Saturday march to raise rights awareness, not to be critical

On January 21, hundreds of thousands of people will join in the Women’s March on Washington, D.C. They will stand together in solidarity with their partners and children for the protection of our rights, our safety and health, and our families, while recognizing that our vibrant and diverse communities are the strength of our country. This March will send a bold message to our new administration on their first day of office and to the world, that women’s rights are human rights.

The Women’s March began as a simple question and quickly spread into a worldwide movement. Shortly after the election, Teresa Shook from Hawaii posted on Facebook, “What if women marched on Washington, D.C. around Inauguration Day en masse?” She had 10,000 positive responses the next day. Thus began the national Women’s March on Washington which has inspired sister marches in all 50 states and Puerto Rico and in 63 cities in 32 countries.

While each person may have their own reasons for marching, the collective mission is to bring people together to take a stand for women’s rights, immigrants’ rights, workers’ rights, reproductive rights, LGBTQIA rights, environmental rights, rights for all races, and freedom of religion. The marches will seek to reaffirm the core American values of freedom and democracy for all at a time when many fear that their voices will be lost (March on Washington).

Sister marches are occurring in eleven Alaskan communities including Bethel, Gustavus, Kodiak, Ketchikan, Palmer, Soldotna, Anchorage, Sitka, Fairbanks, Juneau and Homer. These marches are a way for those of us who cannot travel to Washington, D.C. to organize our communities, make our voices heard and help build the movement.

Organizing for Women’s March on Homer began at the peaceful rallies held recently at WKFL Park. We are an inclusive march, welcoming everyone to join us. Our mission is to raise awareness about women’s rights and social justice, work to protect our existing rights on local, state and national levels, and to develop connections for collaboration within our own community.

We are non-partisan and will use the Women’s March on Homer as a peaceful means to express our support for women’s rights and human rights in our community and the country, rather than to criticize politicians or political parties.

In solidarity with the national Women’s March, walk with us in Homer and take the next step to create change. Please join us on Saturday, January 21 at Homer Council on the Arts.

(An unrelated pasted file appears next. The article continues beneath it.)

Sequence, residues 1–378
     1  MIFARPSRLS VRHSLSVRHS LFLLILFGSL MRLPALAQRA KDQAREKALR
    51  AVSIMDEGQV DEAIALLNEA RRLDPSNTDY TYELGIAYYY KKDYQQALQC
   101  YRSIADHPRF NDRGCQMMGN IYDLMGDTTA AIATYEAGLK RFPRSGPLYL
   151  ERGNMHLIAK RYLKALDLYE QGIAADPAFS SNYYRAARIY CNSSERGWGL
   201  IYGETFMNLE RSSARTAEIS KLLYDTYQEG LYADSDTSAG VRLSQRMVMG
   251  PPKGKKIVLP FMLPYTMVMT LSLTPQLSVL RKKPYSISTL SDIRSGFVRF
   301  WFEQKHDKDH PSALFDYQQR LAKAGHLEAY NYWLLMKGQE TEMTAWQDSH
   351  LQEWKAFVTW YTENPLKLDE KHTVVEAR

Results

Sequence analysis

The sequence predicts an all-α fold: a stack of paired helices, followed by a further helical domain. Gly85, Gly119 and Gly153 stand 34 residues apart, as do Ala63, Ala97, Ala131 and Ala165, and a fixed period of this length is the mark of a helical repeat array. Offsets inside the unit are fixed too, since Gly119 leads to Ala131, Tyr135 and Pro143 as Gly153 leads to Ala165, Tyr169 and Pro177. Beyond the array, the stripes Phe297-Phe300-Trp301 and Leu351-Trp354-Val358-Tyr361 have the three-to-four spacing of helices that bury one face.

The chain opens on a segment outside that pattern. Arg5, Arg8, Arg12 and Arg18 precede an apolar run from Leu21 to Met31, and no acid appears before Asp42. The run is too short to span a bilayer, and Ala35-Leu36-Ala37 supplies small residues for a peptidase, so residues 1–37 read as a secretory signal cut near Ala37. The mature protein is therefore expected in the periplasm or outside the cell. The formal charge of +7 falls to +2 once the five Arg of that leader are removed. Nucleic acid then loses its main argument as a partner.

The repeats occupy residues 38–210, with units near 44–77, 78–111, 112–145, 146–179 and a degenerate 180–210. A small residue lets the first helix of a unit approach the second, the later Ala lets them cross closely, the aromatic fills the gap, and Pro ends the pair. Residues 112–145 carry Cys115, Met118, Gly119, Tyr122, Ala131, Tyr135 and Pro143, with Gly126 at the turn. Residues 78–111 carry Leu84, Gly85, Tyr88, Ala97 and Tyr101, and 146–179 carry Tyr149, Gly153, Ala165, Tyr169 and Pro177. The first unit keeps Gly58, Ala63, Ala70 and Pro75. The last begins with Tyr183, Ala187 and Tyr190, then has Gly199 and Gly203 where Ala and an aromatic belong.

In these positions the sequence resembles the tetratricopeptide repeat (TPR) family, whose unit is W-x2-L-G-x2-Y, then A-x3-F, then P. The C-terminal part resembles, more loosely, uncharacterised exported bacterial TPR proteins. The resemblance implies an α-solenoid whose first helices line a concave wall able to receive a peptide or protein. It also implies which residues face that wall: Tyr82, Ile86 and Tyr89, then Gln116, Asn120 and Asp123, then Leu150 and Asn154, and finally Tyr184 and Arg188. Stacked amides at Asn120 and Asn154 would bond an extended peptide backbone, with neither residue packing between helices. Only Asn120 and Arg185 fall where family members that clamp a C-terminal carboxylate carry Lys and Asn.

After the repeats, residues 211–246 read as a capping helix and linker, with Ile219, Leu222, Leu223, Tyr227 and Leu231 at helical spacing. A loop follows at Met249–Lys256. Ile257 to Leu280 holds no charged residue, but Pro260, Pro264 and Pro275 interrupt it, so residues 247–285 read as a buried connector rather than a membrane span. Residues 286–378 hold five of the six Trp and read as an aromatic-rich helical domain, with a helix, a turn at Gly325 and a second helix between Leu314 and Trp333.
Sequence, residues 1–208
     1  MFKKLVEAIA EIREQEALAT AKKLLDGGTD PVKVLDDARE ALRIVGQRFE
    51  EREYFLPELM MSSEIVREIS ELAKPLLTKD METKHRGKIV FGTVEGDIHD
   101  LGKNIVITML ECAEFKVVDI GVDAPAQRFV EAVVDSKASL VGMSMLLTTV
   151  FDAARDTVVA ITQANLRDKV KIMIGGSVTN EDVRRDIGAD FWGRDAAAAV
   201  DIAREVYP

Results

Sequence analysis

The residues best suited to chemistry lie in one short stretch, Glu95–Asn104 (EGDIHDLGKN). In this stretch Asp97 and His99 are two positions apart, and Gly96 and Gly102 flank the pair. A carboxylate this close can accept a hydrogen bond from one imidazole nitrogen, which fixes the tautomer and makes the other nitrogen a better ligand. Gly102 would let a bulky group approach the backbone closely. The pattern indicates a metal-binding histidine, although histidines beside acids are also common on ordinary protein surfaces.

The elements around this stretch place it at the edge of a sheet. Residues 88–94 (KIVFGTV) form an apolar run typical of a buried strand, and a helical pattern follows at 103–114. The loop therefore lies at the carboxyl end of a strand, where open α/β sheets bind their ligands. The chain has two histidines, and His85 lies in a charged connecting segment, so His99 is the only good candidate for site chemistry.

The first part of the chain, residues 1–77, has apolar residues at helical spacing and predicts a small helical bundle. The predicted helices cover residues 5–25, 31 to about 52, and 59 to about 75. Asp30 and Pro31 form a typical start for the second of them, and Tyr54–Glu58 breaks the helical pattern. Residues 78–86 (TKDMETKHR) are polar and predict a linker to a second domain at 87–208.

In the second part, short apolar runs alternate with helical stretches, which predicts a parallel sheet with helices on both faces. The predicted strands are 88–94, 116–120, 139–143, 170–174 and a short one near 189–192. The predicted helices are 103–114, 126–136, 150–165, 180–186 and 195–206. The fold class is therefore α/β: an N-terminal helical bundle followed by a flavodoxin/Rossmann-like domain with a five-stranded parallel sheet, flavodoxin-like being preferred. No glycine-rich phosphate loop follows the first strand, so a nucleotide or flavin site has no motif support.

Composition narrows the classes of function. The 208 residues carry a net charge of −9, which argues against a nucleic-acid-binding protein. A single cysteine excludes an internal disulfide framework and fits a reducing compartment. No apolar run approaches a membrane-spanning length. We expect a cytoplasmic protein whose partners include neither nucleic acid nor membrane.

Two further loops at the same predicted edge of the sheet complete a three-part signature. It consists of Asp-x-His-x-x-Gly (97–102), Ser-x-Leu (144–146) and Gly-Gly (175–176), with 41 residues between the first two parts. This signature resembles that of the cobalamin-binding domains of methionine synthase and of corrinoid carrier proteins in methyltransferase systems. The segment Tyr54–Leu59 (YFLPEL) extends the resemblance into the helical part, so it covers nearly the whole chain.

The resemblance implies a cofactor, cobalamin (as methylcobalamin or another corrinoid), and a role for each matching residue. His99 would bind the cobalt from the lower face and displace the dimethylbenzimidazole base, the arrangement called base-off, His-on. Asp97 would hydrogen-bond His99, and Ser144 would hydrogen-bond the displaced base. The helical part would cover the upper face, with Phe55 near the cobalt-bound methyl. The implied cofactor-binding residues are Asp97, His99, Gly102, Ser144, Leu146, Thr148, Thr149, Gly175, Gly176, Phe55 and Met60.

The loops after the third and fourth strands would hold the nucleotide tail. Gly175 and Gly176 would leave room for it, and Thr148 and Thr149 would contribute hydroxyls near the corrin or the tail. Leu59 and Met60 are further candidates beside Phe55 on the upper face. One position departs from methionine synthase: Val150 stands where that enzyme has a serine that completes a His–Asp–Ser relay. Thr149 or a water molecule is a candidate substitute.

11:30-Noon Gather at Homer Council on the Arts.

Noon Sidewalk march (southside) along Pioneer Avenue to WKFL Park gazebo.

12:45pm Group photo at the gazebo. If you are unable to make the march, join us there and make your support known.

1:00pm-3:00pm Live broadcast of National Women’s March on Washington at Kachemak Bay Campus.

Information about women’s rights, domestic violence and sexual assault, empowering youth, reproductive rights, disability awareness issues, economic disparity, voter registration and a means to develop future actions. Join us at Kachemak Bay Camps for community conversation to make new connections to make your voices heard.

Dress warmly and wear ice cleats. We encourage you to bring family- friendly signs with positive messages. Carpooling to the march is recommended. At present, parking is available at Homer Council on the Arts, Pratt Museum and Kachemak Bay Campus. Please respect open businesses’ parking and leave those spaces for their patrons. More details about parking to be determined and posted on Facebook (Women’s March on Homer). For more Women’s March on Homer information, follow us on Facebook or email

Since 1979 Karen Murdock and her family have gratefully lived in this cosmic hamlet by the sea. She has been involved with women’s rights and social justice issues for as long as she can remember. Kammi Matson is a lifelong Alaskan who is stoked to be raising her children in a safe supportive community like Homer. They believe in a world where no one has to march in the street to have their voices heard but they are glad they have the freedom to do so peacefully.